(I’m frustrated, but decide not to argue. After trying and failing to pay attention to their conversation, I do what I normally do, and what anyone else probably does and has done without the aid of their phones: I daydream. My mind takes me to the medical article I was reading and branches out in crazy directions. After a while, however…)

Aunt: “[My Name]?”

Me: “Hm?”

(I look at my aunt, staring at me strangely.)

Aunt: “What… What are you thinking about, sweetie?”

(At that moment, I was remembering a surgical video where a doctor removed some sort of gnarly cyst from a patient’s back. Knowing that’s a squeamish and gross topic for most, I freeze.)

Me: “Uh… You don’t want to know.”

(I immediately look back out the window, but not before hearing my mom and uncle chuckle to themselves. We’re stuck driving for another hour before hitting a rest stop. After I’ve taken my bathroom break, my aunt approaches, wordlessly hands me my phone back, and passes me to use the bathroom.)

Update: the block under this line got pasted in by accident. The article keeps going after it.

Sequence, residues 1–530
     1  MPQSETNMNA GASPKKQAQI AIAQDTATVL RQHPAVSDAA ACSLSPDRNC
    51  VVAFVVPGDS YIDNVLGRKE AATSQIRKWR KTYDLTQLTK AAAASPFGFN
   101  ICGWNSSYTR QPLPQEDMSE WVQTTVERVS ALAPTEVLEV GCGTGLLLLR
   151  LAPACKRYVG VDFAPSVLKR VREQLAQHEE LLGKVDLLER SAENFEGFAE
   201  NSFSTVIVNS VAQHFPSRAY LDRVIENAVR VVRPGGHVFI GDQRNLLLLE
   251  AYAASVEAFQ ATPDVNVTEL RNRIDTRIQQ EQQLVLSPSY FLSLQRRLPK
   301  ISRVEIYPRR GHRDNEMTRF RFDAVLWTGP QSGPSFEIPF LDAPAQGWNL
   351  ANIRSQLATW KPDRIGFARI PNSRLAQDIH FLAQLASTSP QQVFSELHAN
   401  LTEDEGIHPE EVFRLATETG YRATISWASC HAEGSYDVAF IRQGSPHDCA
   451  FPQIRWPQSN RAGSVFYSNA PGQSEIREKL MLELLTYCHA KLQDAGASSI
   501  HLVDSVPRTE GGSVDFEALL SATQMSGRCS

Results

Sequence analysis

Me: “Uh…”

Mom: “Wow, I guess she really was bothered.”

Me: “Wait, what?”

Uncle: “Aw, she gave you back your phone? That’s the most quiet [Aunt] has been in years!

(Turns out, I was really zoned out and hadn’t noticed when they started talking about me. Specifically, my aunt freaked out and asked my mom what was wrong with me. My aunt wasn’t used to seeing any of her own kids staying calm while doing nothing, so when she saw me sitting there, dead-eyed and perfectly still, it had creeped the crap out of her. I didn’t help matters when she asked what I was thinking about, and it caused her to stay silent most of the ride, periodically looking over her shoulder at me, unnerved by it all. On the plus side, I was able to use my phone until we reached our destination. If anything, I was surprisingly more attentive when I needed to be, compared to my cousins who complained and fought with each other when our phones ended up having bad reception!)